Court rules widow’s customary marriage was valid
A widow whose in-laws contested the legitimacy of her customary marriage to their son after his death has had her marriage retrospectively confirmed as legal.
A full bench of the Mthatha high court has ruled that custom does not require a bride to be physically handed over to the groom “like goods that needed to be delivered”.
Fezile Mlamla had asked the Mthatha high court to order home affairs to retrospectively register and endorse her 2012 customary marriage to Viwe Rubushe and issue her with a marriage certificate.
Mlamla resorted to court for the certificate after she found herself torn between two bureaucracies and the Rubushe family, who refused to acknowledge that she had been married to Viwe.
The master’s office refused to issue her with a letter of appointment as executrix of Rubushe’s estate without the marriage certificate.
Home affairs would not issue it as Rubushe’s family refused to provide affidavits confirming the customary marriage.
When she sought to claim Rubushe’s municipal pension fund, she was informed that his mother, Nomathamsanqa Rubushe, had already lodged a claim, having stated in support of the claim that he was unmarried at the time of his death.
The Mthatha high court had found in favour of the Rubushe family, stating that a customary marriage could not be valid unless the bride’s family had “handed over” the bride to the bridegroom’s family.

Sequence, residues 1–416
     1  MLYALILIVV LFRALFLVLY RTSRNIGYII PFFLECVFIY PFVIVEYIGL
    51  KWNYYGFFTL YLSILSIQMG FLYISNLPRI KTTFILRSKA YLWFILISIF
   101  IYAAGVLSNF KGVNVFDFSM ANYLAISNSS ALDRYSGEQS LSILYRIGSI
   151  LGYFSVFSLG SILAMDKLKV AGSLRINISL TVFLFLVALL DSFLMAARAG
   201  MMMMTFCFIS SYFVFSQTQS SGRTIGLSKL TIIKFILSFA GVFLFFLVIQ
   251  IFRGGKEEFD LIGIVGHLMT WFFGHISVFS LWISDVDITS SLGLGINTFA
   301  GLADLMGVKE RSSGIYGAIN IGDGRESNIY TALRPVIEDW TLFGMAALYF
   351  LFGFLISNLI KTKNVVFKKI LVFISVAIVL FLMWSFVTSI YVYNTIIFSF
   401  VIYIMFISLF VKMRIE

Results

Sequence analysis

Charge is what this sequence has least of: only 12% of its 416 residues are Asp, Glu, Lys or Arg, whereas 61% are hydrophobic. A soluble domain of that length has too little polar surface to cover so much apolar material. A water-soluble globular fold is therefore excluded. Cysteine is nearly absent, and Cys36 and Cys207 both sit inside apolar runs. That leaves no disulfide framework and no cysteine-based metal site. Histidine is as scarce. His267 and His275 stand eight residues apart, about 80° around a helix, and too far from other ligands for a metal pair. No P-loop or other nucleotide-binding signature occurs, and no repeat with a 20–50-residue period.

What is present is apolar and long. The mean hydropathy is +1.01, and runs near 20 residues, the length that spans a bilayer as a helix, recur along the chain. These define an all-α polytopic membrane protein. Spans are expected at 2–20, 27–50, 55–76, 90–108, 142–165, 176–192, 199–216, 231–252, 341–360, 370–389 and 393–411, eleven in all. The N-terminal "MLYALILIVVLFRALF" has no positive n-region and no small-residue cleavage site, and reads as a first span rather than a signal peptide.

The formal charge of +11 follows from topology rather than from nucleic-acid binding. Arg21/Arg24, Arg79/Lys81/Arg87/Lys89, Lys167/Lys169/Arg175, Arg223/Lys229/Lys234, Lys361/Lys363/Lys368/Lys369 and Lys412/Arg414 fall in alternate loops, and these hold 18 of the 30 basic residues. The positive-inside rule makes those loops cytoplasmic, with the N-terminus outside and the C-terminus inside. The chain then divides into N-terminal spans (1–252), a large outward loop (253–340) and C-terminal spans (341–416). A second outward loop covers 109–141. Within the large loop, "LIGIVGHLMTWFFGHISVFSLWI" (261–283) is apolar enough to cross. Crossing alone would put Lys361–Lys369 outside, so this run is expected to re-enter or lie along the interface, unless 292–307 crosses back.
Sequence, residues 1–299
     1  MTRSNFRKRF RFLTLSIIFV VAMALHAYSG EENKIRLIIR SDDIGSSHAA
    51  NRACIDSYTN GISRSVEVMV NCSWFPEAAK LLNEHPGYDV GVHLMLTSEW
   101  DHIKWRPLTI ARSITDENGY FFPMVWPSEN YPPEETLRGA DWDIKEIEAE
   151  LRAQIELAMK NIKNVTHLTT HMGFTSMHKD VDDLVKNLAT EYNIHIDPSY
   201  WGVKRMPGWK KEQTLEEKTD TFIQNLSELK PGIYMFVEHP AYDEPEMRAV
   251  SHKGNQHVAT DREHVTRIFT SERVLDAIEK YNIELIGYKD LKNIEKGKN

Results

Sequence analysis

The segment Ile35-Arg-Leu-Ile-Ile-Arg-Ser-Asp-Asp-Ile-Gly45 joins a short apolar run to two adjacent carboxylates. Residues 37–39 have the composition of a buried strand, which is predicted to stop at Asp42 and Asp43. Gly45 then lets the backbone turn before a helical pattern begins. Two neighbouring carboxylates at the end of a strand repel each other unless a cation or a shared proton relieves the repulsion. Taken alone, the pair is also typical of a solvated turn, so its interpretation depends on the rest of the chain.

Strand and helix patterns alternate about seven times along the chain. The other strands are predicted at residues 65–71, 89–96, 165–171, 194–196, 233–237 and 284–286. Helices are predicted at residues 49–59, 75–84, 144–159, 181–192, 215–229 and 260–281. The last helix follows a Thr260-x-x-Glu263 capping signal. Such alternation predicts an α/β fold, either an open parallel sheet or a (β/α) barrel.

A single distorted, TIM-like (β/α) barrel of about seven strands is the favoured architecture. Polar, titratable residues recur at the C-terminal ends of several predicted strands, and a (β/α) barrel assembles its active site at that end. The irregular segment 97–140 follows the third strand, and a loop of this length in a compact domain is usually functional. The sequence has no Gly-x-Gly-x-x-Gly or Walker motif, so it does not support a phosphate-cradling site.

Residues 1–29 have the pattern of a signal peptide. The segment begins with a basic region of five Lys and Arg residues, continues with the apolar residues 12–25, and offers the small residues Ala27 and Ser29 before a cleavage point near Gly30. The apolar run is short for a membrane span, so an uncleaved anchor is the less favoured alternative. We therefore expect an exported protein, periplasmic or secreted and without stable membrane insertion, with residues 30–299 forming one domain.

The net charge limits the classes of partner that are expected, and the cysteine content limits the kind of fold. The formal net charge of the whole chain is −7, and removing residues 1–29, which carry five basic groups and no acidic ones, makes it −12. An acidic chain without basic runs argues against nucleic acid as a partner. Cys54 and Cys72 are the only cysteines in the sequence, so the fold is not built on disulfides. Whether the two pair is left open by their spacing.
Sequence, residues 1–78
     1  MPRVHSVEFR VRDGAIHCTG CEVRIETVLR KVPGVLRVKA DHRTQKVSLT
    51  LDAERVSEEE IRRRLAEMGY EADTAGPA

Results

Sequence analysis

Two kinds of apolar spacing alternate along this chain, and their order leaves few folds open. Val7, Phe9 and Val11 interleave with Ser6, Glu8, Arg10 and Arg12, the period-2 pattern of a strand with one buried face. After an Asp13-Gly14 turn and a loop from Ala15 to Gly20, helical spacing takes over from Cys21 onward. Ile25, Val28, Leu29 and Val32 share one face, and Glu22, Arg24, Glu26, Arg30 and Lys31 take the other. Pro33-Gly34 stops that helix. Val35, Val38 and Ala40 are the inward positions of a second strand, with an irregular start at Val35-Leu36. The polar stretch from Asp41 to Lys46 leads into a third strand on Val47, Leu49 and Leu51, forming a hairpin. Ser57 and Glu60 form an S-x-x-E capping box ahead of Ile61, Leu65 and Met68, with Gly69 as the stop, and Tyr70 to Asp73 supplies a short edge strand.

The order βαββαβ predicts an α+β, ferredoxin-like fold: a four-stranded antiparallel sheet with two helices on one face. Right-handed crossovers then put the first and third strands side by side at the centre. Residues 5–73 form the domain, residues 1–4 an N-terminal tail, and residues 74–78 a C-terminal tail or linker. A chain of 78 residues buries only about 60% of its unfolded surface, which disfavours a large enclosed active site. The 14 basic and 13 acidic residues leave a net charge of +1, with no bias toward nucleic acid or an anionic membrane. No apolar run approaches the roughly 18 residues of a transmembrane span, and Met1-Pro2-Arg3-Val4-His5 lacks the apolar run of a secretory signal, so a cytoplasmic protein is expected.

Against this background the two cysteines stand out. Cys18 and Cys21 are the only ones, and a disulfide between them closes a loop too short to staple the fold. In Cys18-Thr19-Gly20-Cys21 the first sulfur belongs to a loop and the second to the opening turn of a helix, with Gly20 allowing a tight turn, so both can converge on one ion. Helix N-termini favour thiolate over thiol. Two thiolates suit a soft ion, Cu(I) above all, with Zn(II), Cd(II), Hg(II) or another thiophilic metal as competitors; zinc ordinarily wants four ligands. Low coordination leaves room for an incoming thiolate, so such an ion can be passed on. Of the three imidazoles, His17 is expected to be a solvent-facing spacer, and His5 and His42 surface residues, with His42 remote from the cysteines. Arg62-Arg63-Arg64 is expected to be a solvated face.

It ruled that in Mlamla’s case this had never happened.
But, on appeal, a full bench of the court disagreed.
Judge Bantubonke Tokota, with acting judges Nceba Dukada and MS Dunywa agreeing, found that all the necessary processes had been followed for Mlamla’s marriage to Rubushe to be recognised as a customary marriage.
Both had been over 18.
Rubushe’s family had sought consent and negotiated lobola, which had then been paid.
A welcoming ceremony, or Utsiki, had been performed at Rubushe’s home, welcoming Mlamla into her new family.
Tokota said as a “beginning of the consummation of the marriage” Mlamla was given the new name, Olulutho, for her in-laws to address her by.
She was fed with isiphanga and given bile juice to symbolise that she was welcome by her marital ancestors
“She was fed with isiphanga and given bile juice to symbolise that she was welcome by her marital ancestors.”
They then lived as man and wife in their new home. When the marriage hit tough times, his family had stepped in to try to assist them to resolve their problems.
Rubushe had left the marital home to live with another woman in 2016. He died in 2018.
Tokota ruled that the “handing over of a bride” was not a key determining factor of a valid customary marriage.
“Where the parties have consented to the customary marriage and agreement has been reached at the negotiation stage by the two families for the beginning of such marriage, the handing over of the bride becomes superfluous.
“A bride is not like goods that need to be delivered to the marital home.”
He ordered home affairs to register the marriage and issue Mlamla with the marriage certificate.